Naomi is a bride with a confession. It’s a fear that many brides share but few will admit to. What kind of person was “the big day” turning her into? Photography by Zenobia Studios.
“I was absolutely terrified to turn into a “Bridezilla”, even though I’m sure my sisters can attest that I had my unfortunate moments. I didn’t want to be consumed by the idea that it was “my day”, since I was sharing it with everyone that I loved, and wanted them to be as comfortable as possible.
I wanted everyone to wear what felt like them, and I definitely didn’t want a silly color scheme to hold anyone back from wild dancing (after all, who cares if you’re color coordinated on the dance floor, right?)!”
When it was all said and done, her traditional Orthodox Hasidic wedding was as filled with the love and spiritual meaning that Naomi had hoped for. She describes the day as magical, speechless, and present (“ïn the moment”).
From the bride: “My favorite wedding detail would have to be our centerpieces, not only because they were beautiful, but because they represented something more to me. My mom – who is completely and utterly selfless – came up with the idea for the centerpieces and made them all with my sisters. They were these beautiful purple orchids in tall, glass vases that were lit up all the way from the stem to the petals (they were fake, but you would never know!). They literally worked on all the little details – putting the moss in the vase, setting up an assembly line, making sure it laid just right, etc. It gave the night a beautiful glow, and reminded me of all the lengths my family would go through to make my day special.”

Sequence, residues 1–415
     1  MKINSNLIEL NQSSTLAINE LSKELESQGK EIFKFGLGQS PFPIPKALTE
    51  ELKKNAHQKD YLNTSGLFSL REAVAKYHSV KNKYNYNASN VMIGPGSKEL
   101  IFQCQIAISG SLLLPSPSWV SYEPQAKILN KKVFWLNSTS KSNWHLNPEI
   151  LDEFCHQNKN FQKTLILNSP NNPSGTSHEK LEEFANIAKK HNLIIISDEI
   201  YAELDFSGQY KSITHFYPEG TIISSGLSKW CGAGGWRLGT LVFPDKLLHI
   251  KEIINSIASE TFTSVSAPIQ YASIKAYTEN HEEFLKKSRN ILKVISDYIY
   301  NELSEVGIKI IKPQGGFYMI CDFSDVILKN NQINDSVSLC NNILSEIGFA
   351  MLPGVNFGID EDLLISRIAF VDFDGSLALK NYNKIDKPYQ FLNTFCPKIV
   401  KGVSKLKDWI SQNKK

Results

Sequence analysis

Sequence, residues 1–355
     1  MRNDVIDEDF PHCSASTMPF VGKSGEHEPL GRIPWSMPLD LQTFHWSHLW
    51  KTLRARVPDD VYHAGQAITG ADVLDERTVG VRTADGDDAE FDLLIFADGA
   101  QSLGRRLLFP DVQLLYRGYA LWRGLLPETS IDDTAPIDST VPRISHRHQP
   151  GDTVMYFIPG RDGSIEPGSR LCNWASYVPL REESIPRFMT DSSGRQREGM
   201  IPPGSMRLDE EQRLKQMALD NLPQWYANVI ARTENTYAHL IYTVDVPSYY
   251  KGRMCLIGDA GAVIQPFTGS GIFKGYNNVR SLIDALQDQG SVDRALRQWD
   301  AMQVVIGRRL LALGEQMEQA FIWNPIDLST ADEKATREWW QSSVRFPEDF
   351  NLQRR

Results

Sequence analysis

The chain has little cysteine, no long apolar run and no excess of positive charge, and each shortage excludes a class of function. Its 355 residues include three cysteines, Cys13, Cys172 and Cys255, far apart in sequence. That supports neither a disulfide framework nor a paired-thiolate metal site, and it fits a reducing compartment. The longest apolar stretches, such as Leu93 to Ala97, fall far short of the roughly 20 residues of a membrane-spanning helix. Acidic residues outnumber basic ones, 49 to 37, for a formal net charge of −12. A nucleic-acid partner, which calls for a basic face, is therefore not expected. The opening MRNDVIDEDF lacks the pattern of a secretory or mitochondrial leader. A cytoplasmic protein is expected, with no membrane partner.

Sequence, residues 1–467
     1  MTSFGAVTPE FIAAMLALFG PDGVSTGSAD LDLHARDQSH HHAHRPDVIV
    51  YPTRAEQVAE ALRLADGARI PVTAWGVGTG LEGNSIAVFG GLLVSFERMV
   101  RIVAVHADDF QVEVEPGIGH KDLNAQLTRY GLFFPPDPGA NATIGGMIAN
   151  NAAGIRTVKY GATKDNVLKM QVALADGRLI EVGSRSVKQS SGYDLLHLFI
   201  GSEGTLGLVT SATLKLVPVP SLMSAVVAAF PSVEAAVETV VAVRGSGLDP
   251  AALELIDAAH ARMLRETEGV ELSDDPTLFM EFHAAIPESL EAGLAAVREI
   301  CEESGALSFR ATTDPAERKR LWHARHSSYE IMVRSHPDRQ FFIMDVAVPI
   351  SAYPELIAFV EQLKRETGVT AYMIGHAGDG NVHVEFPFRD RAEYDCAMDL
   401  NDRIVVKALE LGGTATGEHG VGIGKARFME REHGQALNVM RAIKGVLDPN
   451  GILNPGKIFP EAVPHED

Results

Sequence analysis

Hasidic Jewish Wedding Ceremony
“My favorite memory would have to be that moment that I saw my husband coming towards me. There really aren’t any words at all to describe it. We didn’t speak (yes, that includes the cheating technologies- like texting or e-mail!) or see each other for a week before the wedding, which felt like an eternity.
As soon as he started coming in my direction, we locked eyes and just shared this moment that was uniquely ours forever. It suddenly felt like no one else was in the room and that all the chaos that is involved in a wedding was suddenly all worth it for this magical moment.”
Naomi’s family shares a deep faith and observes Jewish customs. Her wedding included a family tradition where the bride wears an opaque veil. This tradition was hard to embrace at first, but ended up being a meaningful part of her wedding ceremony. She has this advice for future brides:
“Try to take a moment – because, really, that’s all you need – to take it all in. For me, it was the time I had under the chuppah. My family’s custom is to wear an opaque veil under the chuppah, which I was very annoyed at, to be honest, but ended up being so incredibly grateful for. No one could see me, and I was able to focus on my thoughts, my prayers, and ask G-d for blessings during this incredibly holy time. I cried alone, and I didn’t need to hold back my tears. And then it was after I heard the crashing of the glass that I knew I had closure of prayers answered, felt that surge of excitement, and couldn’t wait to hit the dance floor!”
Photographer: Zenobia Studios
Event Venue: The Waterview, Monroe, CT
Photo Booth: Majestic Photobooth – According to the bride, they were fabulous!
Editorial Partner: Two Bright Lights